I expect this book to be one of my favourite of the year.  It’s a great, big, brutal, riveting read.

Samuel Hawley has a daughter, Loo – a fierce, independent teenager.

He also has a past – and 12 bullet holes on his body that tell a story of brutality and danger.

After years of wandering, he’s back in his late wife’s home town, a small fishing town in Massachusetts, trying to build a life.

Loo is an outsider at school, but she learns to create some space. And she also makes a connection with a boy – a friendship that absolutely no one approves of.

The story switches between present day and the past, one by one detailing the bullets that have scarred Hawley’s body.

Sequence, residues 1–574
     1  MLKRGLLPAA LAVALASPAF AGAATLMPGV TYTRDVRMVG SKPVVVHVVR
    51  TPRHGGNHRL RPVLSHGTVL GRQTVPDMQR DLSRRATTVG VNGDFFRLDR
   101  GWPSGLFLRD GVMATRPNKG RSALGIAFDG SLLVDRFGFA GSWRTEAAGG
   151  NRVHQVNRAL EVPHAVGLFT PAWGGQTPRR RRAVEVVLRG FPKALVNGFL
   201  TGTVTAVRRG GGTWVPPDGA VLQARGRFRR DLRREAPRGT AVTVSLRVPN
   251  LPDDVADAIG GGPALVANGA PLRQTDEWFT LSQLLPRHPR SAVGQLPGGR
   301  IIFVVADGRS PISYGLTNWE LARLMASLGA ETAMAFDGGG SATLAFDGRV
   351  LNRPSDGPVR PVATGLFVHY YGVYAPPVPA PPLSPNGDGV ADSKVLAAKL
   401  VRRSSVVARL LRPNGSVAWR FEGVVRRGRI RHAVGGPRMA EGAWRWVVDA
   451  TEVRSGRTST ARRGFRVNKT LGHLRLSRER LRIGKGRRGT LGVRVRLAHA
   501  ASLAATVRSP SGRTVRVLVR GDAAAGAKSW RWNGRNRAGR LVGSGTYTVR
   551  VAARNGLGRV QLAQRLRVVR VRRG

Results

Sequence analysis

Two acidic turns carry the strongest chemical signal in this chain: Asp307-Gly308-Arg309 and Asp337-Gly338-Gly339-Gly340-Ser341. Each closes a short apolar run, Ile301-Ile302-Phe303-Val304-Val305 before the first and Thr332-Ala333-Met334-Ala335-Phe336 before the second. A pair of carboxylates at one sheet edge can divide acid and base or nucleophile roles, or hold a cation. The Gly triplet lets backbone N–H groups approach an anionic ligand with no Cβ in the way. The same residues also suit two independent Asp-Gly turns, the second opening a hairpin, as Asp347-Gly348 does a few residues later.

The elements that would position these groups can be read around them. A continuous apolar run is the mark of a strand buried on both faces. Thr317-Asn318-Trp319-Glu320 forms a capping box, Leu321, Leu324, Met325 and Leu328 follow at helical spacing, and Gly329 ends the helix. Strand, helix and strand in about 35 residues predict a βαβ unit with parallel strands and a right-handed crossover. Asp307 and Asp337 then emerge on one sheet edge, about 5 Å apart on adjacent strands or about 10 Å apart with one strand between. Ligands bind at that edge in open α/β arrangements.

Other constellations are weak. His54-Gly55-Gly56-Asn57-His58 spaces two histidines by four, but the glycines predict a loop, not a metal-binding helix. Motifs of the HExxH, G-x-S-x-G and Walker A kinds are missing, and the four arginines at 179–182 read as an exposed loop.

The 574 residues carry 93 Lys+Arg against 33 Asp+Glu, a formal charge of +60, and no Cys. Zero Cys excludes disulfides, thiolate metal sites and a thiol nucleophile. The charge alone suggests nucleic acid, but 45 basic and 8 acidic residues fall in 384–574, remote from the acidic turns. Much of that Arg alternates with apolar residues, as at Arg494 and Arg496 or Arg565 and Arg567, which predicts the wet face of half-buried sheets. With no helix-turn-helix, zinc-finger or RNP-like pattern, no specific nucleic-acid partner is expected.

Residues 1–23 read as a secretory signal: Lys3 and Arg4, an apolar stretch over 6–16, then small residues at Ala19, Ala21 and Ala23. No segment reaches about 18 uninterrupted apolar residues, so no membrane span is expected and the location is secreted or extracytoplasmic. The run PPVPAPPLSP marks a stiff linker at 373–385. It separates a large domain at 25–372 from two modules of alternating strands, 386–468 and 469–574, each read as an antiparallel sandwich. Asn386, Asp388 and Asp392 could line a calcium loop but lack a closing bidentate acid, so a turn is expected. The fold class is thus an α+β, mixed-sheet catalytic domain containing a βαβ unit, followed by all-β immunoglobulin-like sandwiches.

It becomes clear that the past is about to catch up with Hawley, and he’s prepared to do whatever it takes to protect Loo from the consequences.

This is a big, cinematic, violent story – one that you could imagine the Coen Brothers or turning into a great film.

It also has that mythic resonance, which is not surprising given it is loosely based on the Greek tale of the Labours of Hercules, a reference that’s interesting but not intrusive for the reader, or necessary to know.

Hannah Tinti’s 2008 hit The Good Thief was a classic example of word-of-mouth success. It’s been a long wait for her fans, but worth it. Brilliant.

This book was published in March 2017